Thursday, June 30, 2016

F.O.R.C.E. Files: Doc Tesla

When I created F.O.R.C.E., my goal was to play with the various archetypes that appear in super powered fiction. Legend combines a pair of tropes as I covered before, but the focus of the second chapter takes a look at the concept of the legacy hero. Doc Tesla is the great-granddaughter of the legendary inventor and the third generation of hero to use Nikola Tesla's technology to fight crime and serve those around her.

The legacy hero as a concept dates back to Lee Falk's The Phantom, but DC has numerous heroes that fit the category as well. Though many were written out of continuity by the New 52, they all appear to slowly be making their return now as part of DC Rebirth.

I'm not quite sure where I came up with the idea for a legacy hero framed around the legend of Tesla, but it dates back to the mid-2000s when I first started to embellish my old super-team into F.O.R.C.E. She was one of my earliest additions to the team after the core duo of Legend and Iron, characters that long predated the idea.

Despite her origins being much later than most of her teammates, Doc Tesla became one of my favorite characters on the team. She has a rather different origin than the rest of the team and remains new at using her equipment.

Her tale also adds some poignancy to the ongoing saga of F.O.R.C.E. I don't want to spoil anything, but both in the flashback and modern sections, our heroes face terrifying decisions.

Check out F.O.R.C.E.: Doc Tesla for only 99 cents at Amazon and Smashwords.

Wednesday, June 29, 2016

Worth Watching 1: Maverick

The Worth Watching feature is where I simply talk about a show I think deserves wider viewing from genre fans.

Maverick isn't exactly the first show you think of when I start a new column on a site called Super Powered Fiction. But in many ways Maverick gets by without falling into the obvious tropes of the Western setting. He's not a rampant gunman, but instead focuses his energies on outwitting his foes.

Started way back in 1957, the show ran for a healthy five seasons on ABC, but it was really only the first three seasons I ever cared to watch. James Garner as Bret Maverick was a lovable cardsharp and a con man. When I discovered the show as a child in the mid-1980s, I was fascinated by a Western hero that wasn’t all punching and shooting. Bret—as well as fellow Mavericks Bart, Beau and Brent—solved their problems with their head more often than at the barrel of a gun.

Bret was always my favorite though as James Garner brought a charisma to his character fellow actors Jack Kelly and Roger Moore never could quite match.

I’m not sure when exactly I regularly started following the series whenever it did appear on television. I was too young to watch Bret Maverick (the 80s rebirth of the show), but know I also caught it in reruns later in that decade. But I do know as I flipped through channels from those days until now, I would often stop when I saw James Garner in his familiar black hat.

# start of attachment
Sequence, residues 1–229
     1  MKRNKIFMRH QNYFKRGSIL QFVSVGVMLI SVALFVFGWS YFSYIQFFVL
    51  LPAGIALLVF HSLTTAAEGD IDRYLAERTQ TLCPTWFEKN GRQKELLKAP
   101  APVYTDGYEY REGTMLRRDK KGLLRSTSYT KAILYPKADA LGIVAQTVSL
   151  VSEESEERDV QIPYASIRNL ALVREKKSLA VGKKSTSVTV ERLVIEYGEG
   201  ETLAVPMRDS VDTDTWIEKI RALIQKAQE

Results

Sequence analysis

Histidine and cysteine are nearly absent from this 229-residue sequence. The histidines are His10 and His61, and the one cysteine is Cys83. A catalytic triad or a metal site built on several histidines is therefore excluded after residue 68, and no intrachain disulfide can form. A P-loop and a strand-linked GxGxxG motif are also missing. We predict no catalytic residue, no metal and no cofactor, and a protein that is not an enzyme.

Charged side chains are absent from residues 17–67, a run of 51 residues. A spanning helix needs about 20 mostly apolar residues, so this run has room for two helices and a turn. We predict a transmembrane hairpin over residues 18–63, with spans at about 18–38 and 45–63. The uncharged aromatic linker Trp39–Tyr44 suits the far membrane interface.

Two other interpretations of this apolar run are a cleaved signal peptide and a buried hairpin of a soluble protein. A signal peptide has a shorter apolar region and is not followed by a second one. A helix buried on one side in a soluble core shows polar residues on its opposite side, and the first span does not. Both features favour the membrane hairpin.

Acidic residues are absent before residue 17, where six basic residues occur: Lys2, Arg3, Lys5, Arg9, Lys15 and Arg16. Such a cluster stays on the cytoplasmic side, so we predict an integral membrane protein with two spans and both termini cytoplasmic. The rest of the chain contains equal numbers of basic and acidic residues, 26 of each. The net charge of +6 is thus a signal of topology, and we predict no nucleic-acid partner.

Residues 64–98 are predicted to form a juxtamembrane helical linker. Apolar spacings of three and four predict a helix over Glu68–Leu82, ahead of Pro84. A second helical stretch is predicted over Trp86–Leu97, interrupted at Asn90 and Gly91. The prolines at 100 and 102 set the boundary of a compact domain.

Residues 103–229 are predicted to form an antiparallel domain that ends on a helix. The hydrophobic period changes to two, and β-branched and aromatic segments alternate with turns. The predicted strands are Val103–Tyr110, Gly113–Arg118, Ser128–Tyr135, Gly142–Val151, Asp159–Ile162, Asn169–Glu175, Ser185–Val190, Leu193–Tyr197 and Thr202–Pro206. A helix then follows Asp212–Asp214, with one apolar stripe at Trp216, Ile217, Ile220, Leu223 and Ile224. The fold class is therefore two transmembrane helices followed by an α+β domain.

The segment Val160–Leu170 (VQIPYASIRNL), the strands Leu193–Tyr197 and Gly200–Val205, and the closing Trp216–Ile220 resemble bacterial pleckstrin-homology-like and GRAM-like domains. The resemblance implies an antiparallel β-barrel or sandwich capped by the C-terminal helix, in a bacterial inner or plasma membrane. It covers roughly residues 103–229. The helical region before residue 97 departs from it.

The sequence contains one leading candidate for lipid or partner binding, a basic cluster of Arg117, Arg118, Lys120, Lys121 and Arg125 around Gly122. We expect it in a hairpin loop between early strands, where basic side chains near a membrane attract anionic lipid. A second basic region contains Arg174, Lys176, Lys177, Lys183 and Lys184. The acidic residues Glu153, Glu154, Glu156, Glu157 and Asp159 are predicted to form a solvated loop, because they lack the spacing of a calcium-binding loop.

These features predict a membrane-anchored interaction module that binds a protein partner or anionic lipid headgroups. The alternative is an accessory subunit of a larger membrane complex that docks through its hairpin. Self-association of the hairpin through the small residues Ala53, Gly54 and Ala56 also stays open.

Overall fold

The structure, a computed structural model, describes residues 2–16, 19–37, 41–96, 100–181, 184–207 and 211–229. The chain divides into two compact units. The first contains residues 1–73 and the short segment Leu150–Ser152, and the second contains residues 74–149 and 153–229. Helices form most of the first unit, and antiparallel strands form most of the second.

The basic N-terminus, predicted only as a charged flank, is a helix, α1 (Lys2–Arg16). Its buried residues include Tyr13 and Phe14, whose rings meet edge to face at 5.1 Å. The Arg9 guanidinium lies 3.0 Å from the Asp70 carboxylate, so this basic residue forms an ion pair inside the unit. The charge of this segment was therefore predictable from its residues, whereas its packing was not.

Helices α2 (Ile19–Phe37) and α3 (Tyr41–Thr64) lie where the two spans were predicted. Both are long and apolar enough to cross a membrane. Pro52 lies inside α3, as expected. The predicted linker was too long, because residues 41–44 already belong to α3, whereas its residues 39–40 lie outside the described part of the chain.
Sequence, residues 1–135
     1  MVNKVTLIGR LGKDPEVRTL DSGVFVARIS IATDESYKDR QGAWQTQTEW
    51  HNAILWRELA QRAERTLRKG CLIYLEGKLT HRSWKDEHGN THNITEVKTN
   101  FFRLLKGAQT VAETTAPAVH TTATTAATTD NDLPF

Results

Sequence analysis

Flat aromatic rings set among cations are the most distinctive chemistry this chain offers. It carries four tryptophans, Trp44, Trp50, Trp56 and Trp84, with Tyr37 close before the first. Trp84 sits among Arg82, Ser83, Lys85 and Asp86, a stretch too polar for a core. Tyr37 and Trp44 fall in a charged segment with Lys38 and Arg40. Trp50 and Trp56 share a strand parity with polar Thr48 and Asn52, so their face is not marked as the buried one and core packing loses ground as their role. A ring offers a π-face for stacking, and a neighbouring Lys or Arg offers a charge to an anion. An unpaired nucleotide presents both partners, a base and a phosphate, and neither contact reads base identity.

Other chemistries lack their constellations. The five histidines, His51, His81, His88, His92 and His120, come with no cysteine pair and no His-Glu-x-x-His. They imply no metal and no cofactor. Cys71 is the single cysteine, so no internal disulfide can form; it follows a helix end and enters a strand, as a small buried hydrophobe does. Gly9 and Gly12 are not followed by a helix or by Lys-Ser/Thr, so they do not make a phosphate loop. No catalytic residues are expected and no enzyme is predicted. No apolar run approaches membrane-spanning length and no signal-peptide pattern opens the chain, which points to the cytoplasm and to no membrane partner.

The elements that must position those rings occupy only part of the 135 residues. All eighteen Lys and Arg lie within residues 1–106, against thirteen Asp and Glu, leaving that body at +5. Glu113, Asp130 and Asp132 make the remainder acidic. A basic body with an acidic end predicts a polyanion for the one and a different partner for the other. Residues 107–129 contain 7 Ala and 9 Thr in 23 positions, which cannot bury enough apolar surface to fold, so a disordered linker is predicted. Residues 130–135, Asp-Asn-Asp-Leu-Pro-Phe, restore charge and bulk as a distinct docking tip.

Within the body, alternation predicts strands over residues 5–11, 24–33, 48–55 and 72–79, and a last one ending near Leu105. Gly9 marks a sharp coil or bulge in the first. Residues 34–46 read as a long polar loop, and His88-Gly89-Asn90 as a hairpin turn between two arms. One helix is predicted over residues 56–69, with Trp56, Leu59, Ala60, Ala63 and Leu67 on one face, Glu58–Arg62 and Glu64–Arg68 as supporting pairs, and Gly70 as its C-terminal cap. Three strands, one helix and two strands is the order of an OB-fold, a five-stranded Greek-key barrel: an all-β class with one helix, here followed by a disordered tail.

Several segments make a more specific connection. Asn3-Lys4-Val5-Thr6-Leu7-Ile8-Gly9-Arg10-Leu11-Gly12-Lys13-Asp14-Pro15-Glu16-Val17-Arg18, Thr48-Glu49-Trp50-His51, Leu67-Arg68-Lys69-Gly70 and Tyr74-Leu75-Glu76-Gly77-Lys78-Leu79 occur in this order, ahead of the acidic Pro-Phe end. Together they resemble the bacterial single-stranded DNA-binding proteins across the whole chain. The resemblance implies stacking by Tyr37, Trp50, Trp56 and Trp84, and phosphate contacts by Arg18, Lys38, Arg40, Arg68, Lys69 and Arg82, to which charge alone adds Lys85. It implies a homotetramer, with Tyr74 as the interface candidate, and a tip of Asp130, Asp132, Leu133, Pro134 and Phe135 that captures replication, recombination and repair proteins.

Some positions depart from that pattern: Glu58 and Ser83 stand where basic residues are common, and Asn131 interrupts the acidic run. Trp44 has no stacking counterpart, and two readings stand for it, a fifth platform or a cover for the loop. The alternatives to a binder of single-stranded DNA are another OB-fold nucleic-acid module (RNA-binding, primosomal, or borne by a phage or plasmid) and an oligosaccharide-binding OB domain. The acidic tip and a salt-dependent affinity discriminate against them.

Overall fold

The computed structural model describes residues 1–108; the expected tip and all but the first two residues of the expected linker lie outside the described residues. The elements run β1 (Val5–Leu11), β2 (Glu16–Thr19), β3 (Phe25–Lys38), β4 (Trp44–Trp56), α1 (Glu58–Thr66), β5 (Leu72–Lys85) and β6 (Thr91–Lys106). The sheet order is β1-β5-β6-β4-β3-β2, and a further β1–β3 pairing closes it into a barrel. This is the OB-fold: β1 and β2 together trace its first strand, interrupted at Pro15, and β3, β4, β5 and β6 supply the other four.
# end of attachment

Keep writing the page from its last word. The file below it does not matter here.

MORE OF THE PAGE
And of course, Bret Maverick returned in the awesome 1994 film Maverick, both as James Garner and with the similarly named character played by the film’s lead Mel Gibson. I remember being greatly disappointed that a sequel never developed from the film.

To this day, any version of Bret Maverick is a character I will follow. James Garner is a classic face of film and television with a legacy that loomed over six decades. Though he’s gone now, his roles will continue to live on for decades to come.

If this article interested you at all, please pick up the first three seasons of Maverick, the single season of Bret Maverick and the film at the Super Powered Fiction estore.

Tuesday, June 28, 2016

Great art: Dracula by Bruce Timm


I love Bruce Timm and I am on a bit of a vampire kick lately, as I research for a couple upcoming projects that will feature vampiric elements in them. So when he did this amazing art inspired by Hammer’s Dracula film, I had to share it here. Check out Little Shoppe of Horrors for more of Timm's horror art.

Remember to check out more great art at the Tumblr.

Monday, June 27, 2016

With a little help from my friends... and fans


The life of an independent author is not always an easy one. When the profits from your books aren't enough to live on and you find yourself off your other job because of leg injury, things get rough. That's the situation my family and I have found ourselves in for the last couple weeks. With no income coming in, we're in dire straits.

Because of that, I've set up a GoFundMe page. I'm asking fans, friends and family to help us out in our trying times. Even if you can't spare any money (a problem I understand all too well), please consider sharing the campaign and help more people see our troubles. Every little bit will help see us through a few more days.




Friday, June 24, 2016

Cosplay Friday: Vampirella


I am going to be honest here. I consider Vampirella to be one of the quintessential comic characters, as important to the genre as Superman, Spider-Man or Wolverine. In many ways, she defined the move to mature storytelling in the 70s black and white magazines, forever marking her and her iconic (if brief) costume as one of the most important female characters in comic history. American horror author Nancy A. Collins clearly agreed and I highly recommend checking out her amazing year worth of Vampirella stories that really redefined the character.

So did cosplayer Micheline Pitt as she shows off an amazing rendition of that legendary costume.

As always, you can check out a lot more great Cosplay pictures over on the Tumblr. And while you are admiring some great cosplay here, don’t forget to check out some of the other great stuff on SuperPoweredFiction.com this week!

What's Up: June 24, 2016

What's Up is a simple post where I give you links to the books, comics, movies, games and/or music I have been enjoying as of late. Feel free to check them out if you would like to enjoy them as well or give your opinions of these works in the comments below (though do try to keep it spoiler free.)





Thursday, June 23, 2016

River City History returns to Walking Shadows


A new River City History takes the stage at Walking Shadows today. Give it a look and consider supporting the Patreon for the project as well.

Enter the wasteland of 'The Scavenger'!